Gilded Age

Rats, Fatheads, and Romeos: Elections in the Gilded Age

As a young ladies maid who can’t yet vote, Jane Prescott doesn’t take a huge interest in national politics. (Local and domestic politics are a different story.) But writing a mystery set in the late Gilded Age, I wanted some sense of what was happening in Washington at the time. So I talked to Joseph Cummins, author of Anything For a Vote: Dirty Tricks, Cheap Shots, and October Surprises in U.S. Presidential Campaigns.

Me: A Death of No Importance takes place in 1910. So the most recent election was 1908 Taft vs. Bryan. Would it be right to say that this wasn't one of our more thrilling political battles?

Joseph Cummins: In 1904, on the very eve of his election win against Alton Parker—yes, one of the most boring presidential candidates in American history—Teddy Roosevelt made the cardinal error of his political life, saying that he would not run for another elected term as president. Roosevelt disliked his own veep, Charles W. Fairbanks, so he decided to throw his weight behind his friend, Secretary of War William Howard Taft. Taft was a very capable guy, having held numerous high-level positions, including governor of the Philippines, but he was also sort of a dufus. There was a joke that Taft’s name was an acronym for Takes Advice From Teddy—and Taft did visit Roosevelt throughout the campaign for advice. In the election of 1908, Taft weighed 330 pounds; since his running mate, “Sunny” Jim Sherman weighed 200, they may have been pound for pound the heaviest ticket in presidential history. But yes, the election was pretty boring. 1912 on the other hand…

 1908 was Bryan's third try. Couldn't the Democrats get anyone else?

Since Teddy was enormously popular, his man Taft was, too. The Dems threw the old warhorse Bryan out there for lack of anyone better to waste against a sure thing like Taft; however, though Taft won the electoral college by a wide margin, he only garnered 51.6 percent of the popular vote.

Who was a Republican? Who was a Democrat? And what about those Progressives?

In 1912, traditional conservative Republicans were led by Taft and they were much like the Republicans of, say, the 1950s, especially in the support of the economic game-changer of the time, which was the emergence of the corporations, what reformers called “trusts,” where economic power was concentrated in railway and oil barons and Wall Street financial interests in an unprecedented way. Americans weren’t used to it; Progressives saw it as a threat not only to economic balance in the country, but to the very heart of the democratic American way of life. They were certain (with some reason) that these trusts corrupted leaders in government. 1893-1897 had seen a terrible depression where 15,000 small businesses went under, four million people lost their jobs, bands of homeless people wandered the country, seeking work, and people marched on Washington in protest. (Socialism would reach its ascendency in 1912 with the independent candidacy of Eugene Debs.)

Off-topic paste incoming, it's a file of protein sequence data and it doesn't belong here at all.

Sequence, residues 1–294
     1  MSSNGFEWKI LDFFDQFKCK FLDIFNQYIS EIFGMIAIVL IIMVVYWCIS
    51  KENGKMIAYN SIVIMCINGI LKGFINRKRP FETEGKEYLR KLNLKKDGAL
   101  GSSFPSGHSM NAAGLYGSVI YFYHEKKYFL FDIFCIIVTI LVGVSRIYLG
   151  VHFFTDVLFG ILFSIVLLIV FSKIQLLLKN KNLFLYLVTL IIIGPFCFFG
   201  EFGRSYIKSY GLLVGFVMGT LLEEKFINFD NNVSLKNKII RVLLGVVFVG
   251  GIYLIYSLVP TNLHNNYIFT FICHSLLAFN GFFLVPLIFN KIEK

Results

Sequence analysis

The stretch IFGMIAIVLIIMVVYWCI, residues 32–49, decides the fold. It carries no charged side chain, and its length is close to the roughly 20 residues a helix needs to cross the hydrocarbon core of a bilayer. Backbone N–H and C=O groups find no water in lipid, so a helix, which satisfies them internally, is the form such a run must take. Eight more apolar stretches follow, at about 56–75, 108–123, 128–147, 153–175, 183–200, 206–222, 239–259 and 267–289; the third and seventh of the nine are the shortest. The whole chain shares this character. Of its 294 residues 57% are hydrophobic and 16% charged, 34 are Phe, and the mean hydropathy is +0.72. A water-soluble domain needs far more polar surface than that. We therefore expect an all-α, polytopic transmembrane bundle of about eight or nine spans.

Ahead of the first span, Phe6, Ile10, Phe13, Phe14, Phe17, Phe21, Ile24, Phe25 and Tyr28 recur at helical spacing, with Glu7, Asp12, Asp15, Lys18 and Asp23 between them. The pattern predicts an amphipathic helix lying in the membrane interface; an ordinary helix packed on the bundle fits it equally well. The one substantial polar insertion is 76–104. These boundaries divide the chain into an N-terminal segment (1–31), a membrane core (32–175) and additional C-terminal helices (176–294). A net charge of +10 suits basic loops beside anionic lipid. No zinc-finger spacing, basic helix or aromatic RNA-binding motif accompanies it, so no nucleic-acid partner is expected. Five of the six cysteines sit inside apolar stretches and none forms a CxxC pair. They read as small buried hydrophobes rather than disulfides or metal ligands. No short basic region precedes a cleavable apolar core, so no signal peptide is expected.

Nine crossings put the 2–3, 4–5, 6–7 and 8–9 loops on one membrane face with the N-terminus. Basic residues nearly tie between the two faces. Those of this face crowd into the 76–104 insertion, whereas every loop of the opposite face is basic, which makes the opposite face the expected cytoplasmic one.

In 1912 the Republicans had held the White House, with the exception of Grover Cleveland’s two non-consecutive terms, for an astonishing 44 years. This is the longest time a major American party has been in power; which means the Democrats were the ones out of power. When Teddy Roosevelt chose to buck the party system and run against Taft, his Progressive, or “Bull Moose” party (so-named because Roosevelt declared himself “fit as a Bull Moose”) drew a lot of dissatisfied Dems — a really interesting assortment of socialists, reformers, Christians who believed in social action, and advocacy groups, particularly of women. Their champions included the journalist Jane Addams and the writer William Allen White. They wanted to create a minimum wage and cap working hours, oversee financial markets, even enact a national health insurance. Sounds like the Democratic party of the New Deal and the 1960s, right?

But the actual Dems in 1912, were more conservative than these Progressives. They ran with the academic and rather dry Woodrow Wilson. The reason Wilson won was, of course, that Roosevelt’s move split the Republican party and handed Wilson the vote, which meant that Wilson actually won with only 41 percent of the popular vote.

We think politics is ugly now, but they talked a lot of smack in the Gilded Age. Nastiest political insult?

Yes, it was nasty. Roosevelt in particular. Although less crude, and of course different politically than Trump, TR was similar in his highly personal way of attacking his opponents. He called the admittedly dull Alton Parker “that neutral tinted individual.” And when he turned on Taft, he called him “a fathead with the brains of a guinea pig” and “a rat in a corner.”

When rumors came out that Wilson may have been having an affair, Roosevelt remarked: “You can’t cast a man as Romeo who looks and acts so much like an apothecary clerk.”

And he famously advised the portly Taft’s handlers never to let him be seen on a horse: “Dangerous for him and cruelty to the animal.”


If you'd like read Anything for a Vote—and I strongly recommend you do because it's informative and hilarious—you can buy it here or here